It’s been quite some time since I promised that I would write this list, so I’ll get to it without a lot of needless chat.
We all know that it is very important to monitor events and performance on SQL Server, but many times our well meaning paths are blocked by the host operating system itself. This is a list of the most common issues I run into here at SQL Sentry when troubleshooting issues that keep folks from being able to fully monitor their database server.
Note that everything on this list has something to do with a native piece in Windows, or drivers written for Windows. There are many things that can reduce your ability to monitor a server, but this is a Windows subsystem only list. The basic idea is that these are things outside of SQL Server that you may want to look at if you’re having trouble collecting counters or other valuable system information.
Number 5: Cross Domain Security
In a lot of cases, we’re trying to access servers in a different domain than our user account belongs to. I run across this frequently when a DMZ type configuration is involved. Typically SEs will not set up any sort of trust between the corporate domain and the internal domain of a DMZ. I won’t go into design principles of different network topologies or security models here, but suffice to say that it is for a very good reason.
If you can’t access performance counters or WMI because of this, the answer is pretty clear. You need to gain access to the other domain in some way.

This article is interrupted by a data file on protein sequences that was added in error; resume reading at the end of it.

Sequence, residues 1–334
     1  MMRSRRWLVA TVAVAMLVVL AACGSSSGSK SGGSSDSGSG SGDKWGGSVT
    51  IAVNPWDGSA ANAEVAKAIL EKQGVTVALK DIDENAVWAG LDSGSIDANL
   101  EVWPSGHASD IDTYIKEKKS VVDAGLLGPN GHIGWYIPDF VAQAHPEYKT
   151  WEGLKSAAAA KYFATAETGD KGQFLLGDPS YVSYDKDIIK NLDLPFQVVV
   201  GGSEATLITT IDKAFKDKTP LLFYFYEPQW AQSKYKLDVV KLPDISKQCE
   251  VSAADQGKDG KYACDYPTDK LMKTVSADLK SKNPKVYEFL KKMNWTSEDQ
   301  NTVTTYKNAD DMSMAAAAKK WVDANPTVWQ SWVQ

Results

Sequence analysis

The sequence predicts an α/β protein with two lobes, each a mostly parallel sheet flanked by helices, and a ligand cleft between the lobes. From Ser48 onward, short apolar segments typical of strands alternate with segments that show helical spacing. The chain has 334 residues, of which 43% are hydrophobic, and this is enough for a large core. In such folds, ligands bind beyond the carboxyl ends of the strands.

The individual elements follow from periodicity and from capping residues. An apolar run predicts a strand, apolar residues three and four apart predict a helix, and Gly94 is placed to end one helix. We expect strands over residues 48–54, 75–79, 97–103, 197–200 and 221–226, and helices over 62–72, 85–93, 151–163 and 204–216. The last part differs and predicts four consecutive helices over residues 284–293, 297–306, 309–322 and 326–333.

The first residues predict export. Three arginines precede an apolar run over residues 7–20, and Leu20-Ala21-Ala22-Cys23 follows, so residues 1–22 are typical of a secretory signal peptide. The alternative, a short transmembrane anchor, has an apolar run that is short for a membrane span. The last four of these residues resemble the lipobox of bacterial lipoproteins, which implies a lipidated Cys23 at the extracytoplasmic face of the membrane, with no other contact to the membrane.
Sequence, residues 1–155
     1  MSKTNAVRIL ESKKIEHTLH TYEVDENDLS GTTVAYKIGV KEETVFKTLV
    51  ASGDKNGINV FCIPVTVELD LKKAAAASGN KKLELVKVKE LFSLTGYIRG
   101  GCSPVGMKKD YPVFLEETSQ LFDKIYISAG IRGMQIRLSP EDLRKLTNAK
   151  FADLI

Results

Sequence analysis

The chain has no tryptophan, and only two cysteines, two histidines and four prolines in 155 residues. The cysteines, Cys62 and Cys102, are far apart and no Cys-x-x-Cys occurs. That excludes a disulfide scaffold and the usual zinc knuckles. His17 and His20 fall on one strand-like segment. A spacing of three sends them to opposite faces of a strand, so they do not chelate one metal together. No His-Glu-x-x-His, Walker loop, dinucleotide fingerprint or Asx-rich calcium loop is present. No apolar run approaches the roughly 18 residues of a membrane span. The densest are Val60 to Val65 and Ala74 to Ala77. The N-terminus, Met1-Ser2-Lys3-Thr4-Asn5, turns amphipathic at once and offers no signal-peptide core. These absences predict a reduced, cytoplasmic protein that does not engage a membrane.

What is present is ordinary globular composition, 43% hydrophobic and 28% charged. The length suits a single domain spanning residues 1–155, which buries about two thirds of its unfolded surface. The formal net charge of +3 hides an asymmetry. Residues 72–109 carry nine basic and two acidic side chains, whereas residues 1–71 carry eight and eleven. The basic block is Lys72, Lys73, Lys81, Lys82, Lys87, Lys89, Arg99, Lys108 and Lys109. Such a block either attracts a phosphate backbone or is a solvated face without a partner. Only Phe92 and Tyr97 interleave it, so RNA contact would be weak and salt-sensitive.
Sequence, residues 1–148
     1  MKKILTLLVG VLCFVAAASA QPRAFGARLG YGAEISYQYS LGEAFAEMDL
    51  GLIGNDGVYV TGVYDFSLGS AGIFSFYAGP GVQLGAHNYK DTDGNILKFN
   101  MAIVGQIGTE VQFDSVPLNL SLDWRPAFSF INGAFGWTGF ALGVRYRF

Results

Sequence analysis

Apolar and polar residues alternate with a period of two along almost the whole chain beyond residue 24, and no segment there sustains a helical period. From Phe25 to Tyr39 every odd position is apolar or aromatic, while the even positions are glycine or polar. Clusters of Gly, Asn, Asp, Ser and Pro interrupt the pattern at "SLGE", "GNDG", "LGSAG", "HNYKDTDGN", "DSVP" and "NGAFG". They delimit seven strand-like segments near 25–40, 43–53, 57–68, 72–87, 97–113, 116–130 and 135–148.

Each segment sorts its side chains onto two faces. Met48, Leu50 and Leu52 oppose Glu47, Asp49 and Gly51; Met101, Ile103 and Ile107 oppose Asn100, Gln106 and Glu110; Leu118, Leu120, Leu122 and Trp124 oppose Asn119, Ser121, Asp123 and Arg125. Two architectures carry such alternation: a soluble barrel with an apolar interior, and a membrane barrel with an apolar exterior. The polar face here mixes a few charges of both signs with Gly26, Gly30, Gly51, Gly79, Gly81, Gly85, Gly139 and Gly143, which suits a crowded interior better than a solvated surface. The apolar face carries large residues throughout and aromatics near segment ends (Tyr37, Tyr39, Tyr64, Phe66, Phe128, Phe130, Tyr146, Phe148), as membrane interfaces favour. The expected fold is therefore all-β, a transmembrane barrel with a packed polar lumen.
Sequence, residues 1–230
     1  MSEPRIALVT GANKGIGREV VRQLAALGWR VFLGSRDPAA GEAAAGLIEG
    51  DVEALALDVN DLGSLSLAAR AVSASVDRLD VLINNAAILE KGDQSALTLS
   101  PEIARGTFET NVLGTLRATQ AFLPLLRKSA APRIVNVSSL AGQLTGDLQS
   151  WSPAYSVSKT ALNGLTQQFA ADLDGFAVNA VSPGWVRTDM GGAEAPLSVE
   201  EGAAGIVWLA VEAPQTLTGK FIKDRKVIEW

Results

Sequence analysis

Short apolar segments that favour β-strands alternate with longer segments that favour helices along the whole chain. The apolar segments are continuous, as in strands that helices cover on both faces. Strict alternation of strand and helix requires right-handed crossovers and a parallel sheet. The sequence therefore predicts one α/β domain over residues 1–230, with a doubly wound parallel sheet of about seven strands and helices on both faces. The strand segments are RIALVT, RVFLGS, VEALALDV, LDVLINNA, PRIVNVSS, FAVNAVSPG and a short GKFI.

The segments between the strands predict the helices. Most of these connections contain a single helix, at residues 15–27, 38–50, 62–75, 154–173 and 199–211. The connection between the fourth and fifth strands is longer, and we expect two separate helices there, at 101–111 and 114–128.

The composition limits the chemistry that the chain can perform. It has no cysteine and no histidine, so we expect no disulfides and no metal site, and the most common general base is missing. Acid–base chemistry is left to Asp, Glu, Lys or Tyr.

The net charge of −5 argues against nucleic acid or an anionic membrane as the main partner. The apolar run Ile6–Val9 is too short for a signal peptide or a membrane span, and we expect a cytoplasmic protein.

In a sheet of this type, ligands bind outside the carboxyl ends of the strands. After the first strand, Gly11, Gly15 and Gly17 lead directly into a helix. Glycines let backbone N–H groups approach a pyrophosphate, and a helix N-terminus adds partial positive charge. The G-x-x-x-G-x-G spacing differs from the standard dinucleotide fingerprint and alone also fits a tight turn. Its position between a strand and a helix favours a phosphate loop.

The two most common recommendations I usually provide are to use a “pass-through” account, or to set up a leg of your monitoring environment inside the other domain.
By “pass-through” account I am referring to the age old act of having a user account with the same login name and password as yours that lives on the server you’re trying to access. Windows has allowed this for as long as I can remember, but I also wouldn’t trust that it will always be there. Newer concepts like UAC also complicate things when using this method, so I usually recommend moving into the other domain over pass-through.
Number 4: WMI Repository Corruption
In my opinion, the whole WMI stack is a bit of a train wreck for something that is so vital when it comes to system management and monitoring. Something as simple as a provider delivered by a new NIC driver or disk controller can corrupt the repository to the point that it can’t be used. I don’t see this as often since Windows Server 2008, but it does still happen.
It is also difficult to determine that you have corruption because you will generally just get strange errors that don’t mean a lot just by reading them. If you suspect issues with the WMI repository, there are three tools you can use to help ferret it out.
- WMI Tracing
A lot of times, if the repository is not actually corrupt, it may be just a bad provider that can be fixed by updating to the latest driver for one device or another, but if you have indeed got a corrupt repository you may need to rebuild it. You can find instructions for that here.
Number 3: Strict Firewall Rules
Remote registry is needed to access performance counters on a remote Windows server. Remote registry works over SMB. SMB uses RPC. Therefore, besides having the Remote Registry Service running, you need to have the ports needed for RPC open to be able to read performance counters remotely. This can get “interesting” when firewalls are involved, because RPC uses dynamic ports. No firewall admin is going to let you open the default dynamic port range for MSRPC through the firewall, which is different depending on what version of Windows you’re dealing with, but is quite large regardless.